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Home / Research / Departments / Department of Animal Health, Welfare and Nutrition / Behaviour and stress biology / Projects finalised 2006 / Behaviour and welfare of dairy cattle housed in large groups


Behaviour and welfare of dairy cattle housed in large groups



Senior scientist:  Margit Bak Jensen



Norwegian University of Life Sciences
Swedish University of Agricultural Sciences, Skara
University of Helsinki


The first aim of the project is to provide scientific knowledge of calves’ social and feeding behaviour when housed in groups, especially large dynamic groups. This knowledge is needed to improve the milk-feeding methods. When calves are housed in groups, cross-sucking may develop. Furthermore, cross-sucking calves are more likely to perform inter-sucking and milk stealing as heifers and cows. Therefore, the second aim of the project is to find ways to prevent the development of inter-sucking and to find effective ways of stopping this problem, once it has developed. The specific aims are (1) to investigate the effect of group size and age homogeneity on competition, social integration and sub-grouping among dairy calves in large dynamic groups, and to develop behavioural tests to measure the social preferences of calves, (2) to investigate the effect of group size, milk feeding method, as well as management of a computer controlled milk feeder on competition for access to milk, milk intake and cross-sucking in dairy calves, (3) to investigate how calves are best introduced to a group and to investigate if data recorded by the computer controlled feeder may be used for early detection of health problems, and (4) to investigate the causes and development of inter-sucking in dairy heifers and cows, and to develop methods to prevent it.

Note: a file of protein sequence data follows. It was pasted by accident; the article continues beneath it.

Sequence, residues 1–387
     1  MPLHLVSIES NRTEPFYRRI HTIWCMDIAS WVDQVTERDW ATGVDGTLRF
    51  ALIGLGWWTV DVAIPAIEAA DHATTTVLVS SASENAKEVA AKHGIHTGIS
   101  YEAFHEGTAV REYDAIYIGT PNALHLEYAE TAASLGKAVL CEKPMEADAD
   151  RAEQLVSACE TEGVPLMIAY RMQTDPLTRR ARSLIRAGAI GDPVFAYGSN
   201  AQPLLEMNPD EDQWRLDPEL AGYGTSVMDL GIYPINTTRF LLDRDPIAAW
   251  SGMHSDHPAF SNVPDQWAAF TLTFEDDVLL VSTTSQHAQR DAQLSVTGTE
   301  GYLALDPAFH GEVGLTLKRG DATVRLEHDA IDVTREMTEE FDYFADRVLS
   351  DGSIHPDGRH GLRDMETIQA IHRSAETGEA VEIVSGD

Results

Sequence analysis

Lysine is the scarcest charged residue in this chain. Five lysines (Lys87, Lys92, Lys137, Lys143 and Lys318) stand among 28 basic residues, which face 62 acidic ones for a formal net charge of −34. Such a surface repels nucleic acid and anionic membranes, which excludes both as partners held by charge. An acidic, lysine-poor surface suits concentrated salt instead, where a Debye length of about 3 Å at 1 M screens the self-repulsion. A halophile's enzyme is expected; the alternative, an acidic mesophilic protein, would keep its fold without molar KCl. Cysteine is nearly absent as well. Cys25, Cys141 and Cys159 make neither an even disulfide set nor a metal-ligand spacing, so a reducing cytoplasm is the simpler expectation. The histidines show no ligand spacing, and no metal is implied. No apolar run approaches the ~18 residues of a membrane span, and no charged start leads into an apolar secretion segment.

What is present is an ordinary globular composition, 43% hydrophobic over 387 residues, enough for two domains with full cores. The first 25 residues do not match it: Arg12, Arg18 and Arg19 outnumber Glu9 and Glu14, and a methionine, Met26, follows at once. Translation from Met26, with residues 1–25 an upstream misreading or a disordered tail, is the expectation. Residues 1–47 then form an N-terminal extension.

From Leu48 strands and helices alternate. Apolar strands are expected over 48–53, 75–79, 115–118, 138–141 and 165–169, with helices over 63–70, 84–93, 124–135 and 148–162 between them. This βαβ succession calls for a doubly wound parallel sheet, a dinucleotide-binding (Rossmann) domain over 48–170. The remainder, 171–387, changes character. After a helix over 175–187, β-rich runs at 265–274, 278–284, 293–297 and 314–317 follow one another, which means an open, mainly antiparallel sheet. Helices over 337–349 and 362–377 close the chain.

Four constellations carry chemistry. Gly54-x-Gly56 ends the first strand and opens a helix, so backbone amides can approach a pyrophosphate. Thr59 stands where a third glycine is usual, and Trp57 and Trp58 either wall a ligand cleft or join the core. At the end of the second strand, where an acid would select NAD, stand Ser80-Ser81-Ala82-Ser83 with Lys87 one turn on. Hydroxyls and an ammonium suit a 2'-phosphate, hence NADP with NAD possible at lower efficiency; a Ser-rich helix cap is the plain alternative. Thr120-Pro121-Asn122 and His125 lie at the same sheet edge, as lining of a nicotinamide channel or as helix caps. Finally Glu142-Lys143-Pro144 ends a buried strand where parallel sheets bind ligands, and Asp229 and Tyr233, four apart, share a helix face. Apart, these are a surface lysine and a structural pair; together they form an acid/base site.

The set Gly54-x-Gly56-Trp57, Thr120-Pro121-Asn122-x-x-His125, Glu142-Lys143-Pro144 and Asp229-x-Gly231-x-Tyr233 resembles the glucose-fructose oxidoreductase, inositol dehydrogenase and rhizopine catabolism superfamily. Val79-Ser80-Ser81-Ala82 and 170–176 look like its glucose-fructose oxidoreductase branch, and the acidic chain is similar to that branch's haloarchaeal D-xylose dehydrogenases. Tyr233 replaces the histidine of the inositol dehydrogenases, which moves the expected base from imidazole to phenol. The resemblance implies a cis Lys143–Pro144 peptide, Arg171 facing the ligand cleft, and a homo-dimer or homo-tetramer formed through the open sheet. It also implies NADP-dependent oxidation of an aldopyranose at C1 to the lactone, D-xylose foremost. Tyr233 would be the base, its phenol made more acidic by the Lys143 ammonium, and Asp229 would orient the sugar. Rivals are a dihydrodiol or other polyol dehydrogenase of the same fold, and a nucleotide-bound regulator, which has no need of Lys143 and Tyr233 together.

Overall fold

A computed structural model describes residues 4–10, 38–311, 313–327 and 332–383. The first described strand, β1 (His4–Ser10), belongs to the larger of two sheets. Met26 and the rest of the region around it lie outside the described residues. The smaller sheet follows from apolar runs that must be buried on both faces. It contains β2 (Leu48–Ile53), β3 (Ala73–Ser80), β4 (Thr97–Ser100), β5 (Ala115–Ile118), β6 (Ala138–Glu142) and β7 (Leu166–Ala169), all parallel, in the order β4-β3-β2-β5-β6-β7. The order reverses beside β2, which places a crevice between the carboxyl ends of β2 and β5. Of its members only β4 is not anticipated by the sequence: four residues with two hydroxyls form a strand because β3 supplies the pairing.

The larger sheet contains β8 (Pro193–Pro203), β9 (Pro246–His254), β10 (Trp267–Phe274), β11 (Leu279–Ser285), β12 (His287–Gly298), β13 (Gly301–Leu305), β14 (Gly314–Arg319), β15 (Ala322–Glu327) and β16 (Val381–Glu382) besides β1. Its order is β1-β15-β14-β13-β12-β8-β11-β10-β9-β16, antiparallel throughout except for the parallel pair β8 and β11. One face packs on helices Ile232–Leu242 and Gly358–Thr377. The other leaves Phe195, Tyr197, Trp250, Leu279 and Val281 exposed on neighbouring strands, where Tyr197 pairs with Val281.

For further information please contact the responsible scientist.


Last updated: Monday 27 August 2007 - [email protected]